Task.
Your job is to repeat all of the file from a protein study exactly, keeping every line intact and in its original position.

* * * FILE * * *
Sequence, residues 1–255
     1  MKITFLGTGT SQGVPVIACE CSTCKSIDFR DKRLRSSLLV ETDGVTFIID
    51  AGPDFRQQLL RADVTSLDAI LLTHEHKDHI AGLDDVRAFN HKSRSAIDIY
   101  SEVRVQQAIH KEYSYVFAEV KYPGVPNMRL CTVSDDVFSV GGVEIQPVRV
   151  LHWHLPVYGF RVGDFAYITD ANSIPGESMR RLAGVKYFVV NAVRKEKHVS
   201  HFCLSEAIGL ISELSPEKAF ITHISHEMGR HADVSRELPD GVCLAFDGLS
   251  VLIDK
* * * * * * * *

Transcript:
Sequence, residues 1–255
     1  MKITFLGTGT SQGVPVIACE CSTCKSIDFR DKRLRSSLLV ETDGVTFIID
    51  AGPDFRQQLL RADVTSLDAI LLTHEHKDHI AGLDDVRAFN HKSRSAIDIY
   101  SEVRVQQAIH KEYSYVFAEV KYPGVPNMRL CTVSDDVFSV GGVEIQPVRV
   151  LHWHLPVYGF RVGDFAYITD ANSIPGESMR RLAGVKYFVV NAVRKEKHVS
   201  HFCLSEAIGL ISELSPEKAF ITHISHEMGR HADVSRELPD GVCLAFDGLS
   251  VLIDK